How Netflix comedian Jak Knight handles viewer feedback

Stand-up comedy can be brutal. Everyone has a different sense of humour and feedback is immediate. We spoke to Netflix comedian Jak Knight in between his recent shows in London about how feedback has propelled his career.

As far as feedback is concerned, stand-up comedy can be brutal. Everyone has an opinion, and everyone has a slightly different sense of humour.  What may be funny for the comedian may not be funny for you.

Like with anything, those who do it best are the ones who make it look easy. They have broad appeal. Thousands of people go to their live shows, and millions watch on TV. Think Jerry Seinfeld, Sir Billy Connolly, Michael McIntyre, or our interviewee Jak Knight’s hero Dave Chappelle.  

There’s a reason most of us haven’t dared venture up onto the stage with an open mic, in the spotlight, on our own, with nowhere to hide. It’s well-known that many people fear public speaking more than death, and that’s before you add in the need to make people laugh.

According to Psychology Today, our fear of public performance stems from the earliest days of our evolution, when humans survived more powerful predators by collaborating in groups. When you stand up to speak or perform in front of others, you risk being negatively judged and then ostracised. Back in our caveman days, that would mean being tossed out of the tribe and left to fend for yourself. Then likely death.

We spoke to one of the brave ones, LA-based comedian Jak Knight, during his recent run of shows at the Soho Theatre in London, about how he got into comedy, his vision for his career, and how he’s using feedback to get there.  

Already a rising star on Netflix, writing and voice acting for animated comedy series Big Mouth and with a solid stand-up career including a Comedy Line Up special to his name, Jak is now on a US tour.

After meeting him, we’re in no doubt he’ll be listed amongst the greats in years to come. Read on, then watch this space…

Kim: How did you get into comedy?

Jak: I was always a fan [of comedy]. The reason why I do comedy is because of a show called The Boondocks, an animated show, and Chappelle's show. I was always a fan of comedy shows like The Simpsons and all that good stuff.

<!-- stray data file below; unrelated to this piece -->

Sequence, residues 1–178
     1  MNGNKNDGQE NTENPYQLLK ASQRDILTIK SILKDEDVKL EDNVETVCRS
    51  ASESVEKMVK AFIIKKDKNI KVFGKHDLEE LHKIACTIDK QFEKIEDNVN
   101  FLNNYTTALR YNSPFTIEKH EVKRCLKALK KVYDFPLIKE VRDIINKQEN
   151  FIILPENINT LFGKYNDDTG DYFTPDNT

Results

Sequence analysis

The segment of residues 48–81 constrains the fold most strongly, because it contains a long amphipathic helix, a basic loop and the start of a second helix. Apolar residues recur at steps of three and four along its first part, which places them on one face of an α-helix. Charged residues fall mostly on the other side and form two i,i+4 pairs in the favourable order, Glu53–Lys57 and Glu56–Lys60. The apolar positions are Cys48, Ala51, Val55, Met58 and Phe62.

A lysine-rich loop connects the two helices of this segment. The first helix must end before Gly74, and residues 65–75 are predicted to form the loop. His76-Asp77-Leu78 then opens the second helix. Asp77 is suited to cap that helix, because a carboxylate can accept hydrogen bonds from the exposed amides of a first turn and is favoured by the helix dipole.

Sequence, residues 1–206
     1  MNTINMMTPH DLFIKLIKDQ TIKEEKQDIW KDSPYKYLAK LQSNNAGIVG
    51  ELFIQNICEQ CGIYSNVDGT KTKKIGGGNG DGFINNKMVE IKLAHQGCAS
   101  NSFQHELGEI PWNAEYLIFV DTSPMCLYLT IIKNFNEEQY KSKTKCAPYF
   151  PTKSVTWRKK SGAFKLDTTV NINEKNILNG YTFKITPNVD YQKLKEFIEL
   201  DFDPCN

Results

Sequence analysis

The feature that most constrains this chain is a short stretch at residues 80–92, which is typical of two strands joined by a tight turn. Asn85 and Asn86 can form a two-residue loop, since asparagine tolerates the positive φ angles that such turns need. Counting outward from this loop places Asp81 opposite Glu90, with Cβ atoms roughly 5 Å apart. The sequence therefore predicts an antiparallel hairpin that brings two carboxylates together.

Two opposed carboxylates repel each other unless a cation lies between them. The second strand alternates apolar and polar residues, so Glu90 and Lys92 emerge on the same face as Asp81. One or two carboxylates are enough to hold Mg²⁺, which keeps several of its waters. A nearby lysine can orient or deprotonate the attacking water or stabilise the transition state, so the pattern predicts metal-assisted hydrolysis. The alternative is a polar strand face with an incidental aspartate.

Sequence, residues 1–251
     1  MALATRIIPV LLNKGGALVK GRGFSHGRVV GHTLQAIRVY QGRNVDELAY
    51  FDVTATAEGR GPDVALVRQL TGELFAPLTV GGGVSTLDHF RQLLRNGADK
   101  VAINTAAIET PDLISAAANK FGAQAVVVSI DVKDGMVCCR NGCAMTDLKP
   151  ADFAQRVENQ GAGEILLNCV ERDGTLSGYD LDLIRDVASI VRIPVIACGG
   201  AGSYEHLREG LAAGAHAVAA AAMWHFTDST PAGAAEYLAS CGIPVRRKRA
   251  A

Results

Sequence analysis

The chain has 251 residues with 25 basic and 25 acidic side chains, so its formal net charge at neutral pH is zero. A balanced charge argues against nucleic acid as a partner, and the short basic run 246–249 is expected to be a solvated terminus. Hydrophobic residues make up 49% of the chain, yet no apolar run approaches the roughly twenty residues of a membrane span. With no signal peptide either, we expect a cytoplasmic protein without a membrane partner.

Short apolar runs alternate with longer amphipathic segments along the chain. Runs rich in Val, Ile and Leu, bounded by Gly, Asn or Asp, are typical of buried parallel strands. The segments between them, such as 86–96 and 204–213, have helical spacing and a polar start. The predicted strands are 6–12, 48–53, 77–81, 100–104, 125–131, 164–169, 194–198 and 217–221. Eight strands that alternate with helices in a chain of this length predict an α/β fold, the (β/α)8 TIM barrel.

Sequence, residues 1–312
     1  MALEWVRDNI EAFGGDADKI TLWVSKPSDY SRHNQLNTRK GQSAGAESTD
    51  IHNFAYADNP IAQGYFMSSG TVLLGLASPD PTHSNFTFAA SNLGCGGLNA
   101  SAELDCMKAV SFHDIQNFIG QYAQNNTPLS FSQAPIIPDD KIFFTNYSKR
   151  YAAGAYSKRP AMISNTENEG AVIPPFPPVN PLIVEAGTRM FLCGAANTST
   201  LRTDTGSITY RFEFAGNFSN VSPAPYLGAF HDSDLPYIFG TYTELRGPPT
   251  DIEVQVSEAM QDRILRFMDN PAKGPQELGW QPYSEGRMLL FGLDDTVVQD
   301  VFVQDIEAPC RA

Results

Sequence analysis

And also, my friends were all very talented people in high school. My best friend Jeff was valedictorian, my other friend Jimmy was gonna go D1 [college division one] in basketball, my other friend was gonna go play college football. And I was just like... funny. I had no redeeming qualities whatsoever.

During the last week of school I was just being a cocky dick saying how funny I was, and my friend Maria and my friend Darius tricked me into signing up for an open mic. I bombed so hard, and I was like, well that’s the worst this can be, and then moved down to LA, right that summer.

Kim: So do you think that being around other people who were really talented at something influenced that decision

Jak: I wouldn’t say influenced. I was just scared of being a loser. My Mom is a Principal and has a bunch of Master’s degrees and I just didn’t want to be lame. So I was like, okay let me figure out how to go and tell jokes. I just really wanted to write for TV, to be honest. And now I'm doing both. I love both. Yeah.

"At the end of the day, what you think is funny the world might not think is funny.  So you're going to have to check your ego."
Kim: So how long have you been doing this for now?

Jak: Six years.

Kim: And what’s the hardest part of your job?

Jak: Checking your ego is a big one. Because at the end of the day what you think is funny, the world might not think is funny. So you're going to have to check your ego and adjust words and adjust phrases.

I don't like "funny for my group" funny. I don't think that's funny. Like if you’re an Asian comedian and you only do Asian rooms, you're just being funny to your friends. You could have done that at the house.  

But if you like going to all the rooms, from the black rooms to the white rooms to the alt rooms...if you're just moving around. I think that's the talented people.

Kim: What is a "room" in comedy terms?

Jak: So right now we’re at the Soho Theatre, and this is more of a high-end, posh environment compared to the Top Secret around the corner, which is a comedy club with more of a working class bunch of people. You have to be able to bounce through all those types of rooms and be funny.

Kim: As a comedian up on stage, you get instant feedback. It seems pretty rare, compared to real life, that you get such an immediate response about what people do and don’t like about your work. Along your journey who, apart from your audience, has helped you get better by giving you that feedback?

Jak: My friends. I have a very talented bunch of friends and came up with some very funny people like Sam Jay, Chris Redd, Jake Weisman, Jamar Neighbours. There’s a dude here who kinda runs around London called Russell Hicks, who used to support me at open mics. So there’s always people who looked out for me. I was like everyone’s little brother so they tried to make sure I was good.


"I'm really, really good after I fail.  I know that when I rebuild, that's when I most excited about life."
Kim: When you say they look out for you, how do they look out for you practically?

Jak: If I'm being corny or if I'm doing something that isn't really who I am they'll call me out on it. But a lot of comedians want the answer. And that's not how this works. You have to find the answer because you're the artist.